Myrinda Wolitarsky, 18, is a senior at Glacier Peak High School in Snohomish. She strives to influence others with her positive energy. She’s been involved in a number of activities focused on helping others and received recognition for her efforts when her peers chose her as a homecoming princess. Wolitarsky has earned a full-ride scholarship at Central Washington University. There she hopes to pursue her goal of becoming as a physical therapist.
Question: What is most important to you?
Answer: I’m passionate about people. I love seeing the face of someone who’s happy. I’ll do the craziest things to make someone smile. Even if I people think I’m weird or I get laughed at, it’s rewarding.
Q: Tell me about some of the clubs you’re a part of?
A: I’m part of the Random Acts of Kindness club. We meet once a week to appreciate staff and students. We do anything to help brighten their day.
I’m in the Grizzly Club. It’s mentoring local elementary students.
I also do Link Crew. It helps show the freshmen around. It’s rewarding because you get to meet really cool kids and get to find out more about them.
Q: What motivates you?
A: I want to make a difference in this world. I want people to remember me.
Q: What things have you done to achieve that goal?
A: I love giving blood, so I helped organize the blood drive this year. We collected 64 units of usable blood. With each unit, three lives can be saved.
Q: I understand you are working on a water project?
A: We’re raising money for building a well in Africa. We have about 40 kids participating. You get a wristband for taking the challenge to drink only tap water for two weeks. The money you save on drinks is then donated to The Water Project, which uses it to build a well. You also drink out of your own cup, which eliminates some pollution from water bottles. I feel really strongly about this project. I think everyone should have the ability to drink clean water.
Q: Tell us about your athletic endeavors.
A: I teach swimming at the YMCA and I did swim team all four years. This year, I was the team captain and went to districts. To be the captain was a huge honor because I’m not the best swimmer. I was voted best teammate. It was really cool to see the girls appreciate me in that way. My swim coach, Rob Serviss, has been really influential. He believes in you even when you don’t. That was a huge thing that helped me.
Q: I understand you’ve done some theater as well.
A: I’ve been in drama all four years. This year, we did “The Boyfriend.” We got nominated for seven Fifth Avenue Theatre awards. I did hair and makeup, which got an honorable mention. It was great to be a part of that.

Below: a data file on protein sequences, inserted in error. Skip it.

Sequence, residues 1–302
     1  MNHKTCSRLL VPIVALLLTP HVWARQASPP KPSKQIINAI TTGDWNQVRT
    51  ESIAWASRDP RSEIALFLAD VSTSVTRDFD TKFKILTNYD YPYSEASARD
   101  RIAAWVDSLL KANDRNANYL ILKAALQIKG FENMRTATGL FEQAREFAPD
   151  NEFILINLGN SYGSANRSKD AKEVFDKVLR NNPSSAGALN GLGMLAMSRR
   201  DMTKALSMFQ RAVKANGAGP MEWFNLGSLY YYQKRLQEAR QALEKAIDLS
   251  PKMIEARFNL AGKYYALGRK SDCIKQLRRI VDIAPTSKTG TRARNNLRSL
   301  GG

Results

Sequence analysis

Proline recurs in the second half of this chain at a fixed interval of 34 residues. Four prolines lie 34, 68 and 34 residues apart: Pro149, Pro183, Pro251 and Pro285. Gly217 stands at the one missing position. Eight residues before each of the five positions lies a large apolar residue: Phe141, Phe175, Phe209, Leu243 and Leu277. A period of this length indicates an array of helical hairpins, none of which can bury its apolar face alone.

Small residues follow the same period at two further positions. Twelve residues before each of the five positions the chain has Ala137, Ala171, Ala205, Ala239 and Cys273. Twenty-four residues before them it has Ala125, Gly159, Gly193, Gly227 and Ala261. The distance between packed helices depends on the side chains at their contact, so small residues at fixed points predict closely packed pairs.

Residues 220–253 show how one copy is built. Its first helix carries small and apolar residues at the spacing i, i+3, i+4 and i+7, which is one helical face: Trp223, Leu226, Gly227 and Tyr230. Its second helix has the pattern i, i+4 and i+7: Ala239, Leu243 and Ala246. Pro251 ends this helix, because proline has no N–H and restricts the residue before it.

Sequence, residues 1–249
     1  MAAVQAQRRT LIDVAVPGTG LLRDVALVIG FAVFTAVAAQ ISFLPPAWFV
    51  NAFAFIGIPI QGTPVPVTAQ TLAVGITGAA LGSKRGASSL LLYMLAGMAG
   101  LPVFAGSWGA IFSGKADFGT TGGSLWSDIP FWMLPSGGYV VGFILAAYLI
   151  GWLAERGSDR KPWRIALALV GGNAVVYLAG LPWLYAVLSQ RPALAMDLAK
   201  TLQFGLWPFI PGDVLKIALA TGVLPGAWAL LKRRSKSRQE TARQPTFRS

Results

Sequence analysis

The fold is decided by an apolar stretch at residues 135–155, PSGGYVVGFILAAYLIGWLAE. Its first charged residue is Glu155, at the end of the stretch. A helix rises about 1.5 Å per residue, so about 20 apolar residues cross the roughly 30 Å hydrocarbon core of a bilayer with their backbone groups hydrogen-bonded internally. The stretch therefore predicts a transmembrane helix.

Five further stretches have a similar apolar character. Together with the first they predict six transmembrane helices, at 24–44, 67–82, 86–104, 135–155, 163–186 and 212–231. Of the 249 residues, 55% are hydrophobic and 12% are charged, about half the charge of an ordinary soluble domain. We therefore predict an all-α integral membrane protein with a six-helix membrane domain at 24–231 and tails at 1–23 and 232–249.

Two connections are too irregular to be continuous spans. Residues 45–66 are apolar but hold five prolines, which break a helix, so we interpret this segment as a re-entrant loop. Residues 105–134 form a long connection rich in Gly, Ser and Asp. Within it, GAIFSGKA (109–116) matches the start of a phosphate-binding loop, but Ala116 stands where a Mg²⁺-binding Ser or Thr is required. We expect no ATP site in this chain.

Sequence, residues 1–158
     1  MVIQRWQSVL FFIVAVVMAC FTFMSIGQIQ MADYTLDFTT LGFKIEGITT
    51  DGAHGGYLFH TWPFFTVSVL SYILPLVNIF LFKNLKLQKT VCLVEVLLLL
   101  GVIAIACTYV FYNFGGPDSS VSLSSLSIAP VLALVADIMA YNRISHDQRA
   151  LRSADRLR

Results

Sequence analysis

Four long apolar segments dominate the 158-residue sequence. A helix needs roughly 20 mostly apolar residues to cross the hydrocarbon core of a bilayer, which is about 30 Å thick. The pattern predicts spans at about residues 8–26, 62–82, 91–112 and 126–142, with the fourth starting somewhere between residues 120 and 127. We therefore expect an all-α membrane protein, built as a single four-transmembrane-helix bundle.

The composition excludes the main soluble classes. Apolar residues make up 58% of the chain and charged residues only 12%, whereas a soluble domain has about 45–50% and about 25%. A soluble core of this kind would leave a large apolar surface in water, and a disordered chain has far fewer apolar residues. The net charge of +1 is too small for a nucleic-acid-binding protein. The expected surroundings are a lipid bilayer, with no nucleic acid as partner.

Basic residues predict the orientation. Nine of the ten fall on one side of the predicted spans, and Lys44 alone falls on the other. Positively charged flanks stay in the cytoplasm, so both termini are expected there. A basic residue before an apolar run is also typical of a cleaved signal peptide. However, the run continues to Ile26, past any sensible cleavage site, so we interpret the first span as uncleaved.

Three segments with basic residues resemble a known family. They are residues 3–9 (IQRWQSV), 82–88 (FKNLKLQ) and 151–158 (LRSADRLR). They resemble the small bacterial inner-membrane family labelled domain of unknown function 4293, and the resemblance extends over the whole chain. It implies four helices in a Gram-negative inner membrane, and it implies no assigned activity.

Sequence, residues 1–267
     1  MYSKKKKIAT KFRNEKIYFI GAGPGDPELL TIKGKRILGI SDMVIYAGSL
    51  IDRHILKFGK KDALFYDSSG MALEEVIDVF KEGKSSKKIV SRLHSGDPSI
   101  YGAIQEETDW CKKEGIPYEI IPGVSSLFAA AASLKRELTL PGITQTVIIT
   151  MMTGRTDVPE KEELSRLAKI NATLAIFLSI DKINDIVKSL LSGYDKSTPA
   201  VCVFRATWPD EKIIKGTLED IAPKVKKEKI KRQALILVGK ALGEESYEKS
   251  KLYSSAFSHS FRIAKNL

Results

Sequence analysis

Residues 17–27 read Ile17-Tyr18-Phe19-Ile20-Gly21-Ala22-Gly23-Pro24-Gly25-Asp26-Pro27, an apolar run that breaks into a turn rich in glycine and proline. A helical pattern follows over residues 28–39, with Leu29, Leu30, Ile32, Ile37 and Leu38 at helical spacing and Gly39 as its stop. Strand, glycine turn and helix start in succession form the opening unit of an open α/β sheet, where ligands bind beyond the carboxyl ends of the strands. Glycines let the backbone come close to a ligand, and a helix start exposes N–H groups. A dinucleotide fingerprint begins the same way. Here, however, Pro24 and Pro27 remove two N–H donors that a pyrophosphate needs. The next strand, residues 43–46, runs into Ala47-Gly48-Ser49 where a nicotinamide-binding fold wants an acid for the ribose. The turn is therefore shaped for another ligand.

Q: What faith-based activities do you do?
A: I’m in One Voice. It’s a Christian club where we meet and learn more about the Bible. I’m also very involved in my church and the youth group. I’ve gone on youth conferences throughout the year. Those are an amazing time. I got to fly to St. Louis for one trip. I just love seeing the world.
Q: How have you done academically?
A: I’m president of the National Honor Society. I have a 3.9 GPA. I got an A-minus in advanced placement statistics, which was very troublesome. I would have been the valedictorian if I had gotten an A. I thought all my hard work had gone down the drain. But the dean of education at Central Washington University called not long after to tell me she wanted to offer me a four-year, full-ride scholarship because of my academic achievement. It includes room, board and tuition, which is worth more than $70,000. That was a huge surprise and a blessing.
Q: What are your future plans?
A: I want to be a physical therapist. I shadowed a physical therapist this year and I really enjoyed it. I’ll major in clinical physiology or exercise science.
Q: What made you choose physical therapy?
A: I really wanted to be in the medical field because I like helping people. But let’s face it, I can’t deal with the vomit. That’s why I decided physical therapy was a better way to go. My dream job is to be a traveling physical therapist because I love experiencing other cultures. I’d love to go to third-world countries and help people who don’t usually get physical therapy. I want to teach the local people around me so they can keep helping others after I’m gone.
Q: What do you hope to take away from your high school experience?
A: I was home-schooled through eighth grade. I came into high school a complete stranger to everyone. When people support you, it’s a lot easier to become who you want to be. I want to do that for others. Being nice, considerate and respectful pays off in more ways than you can imagine. And living life to the fullest is by far the best way to go.
Amy Nile: 425-339-3192; firstname.lastname@example.org.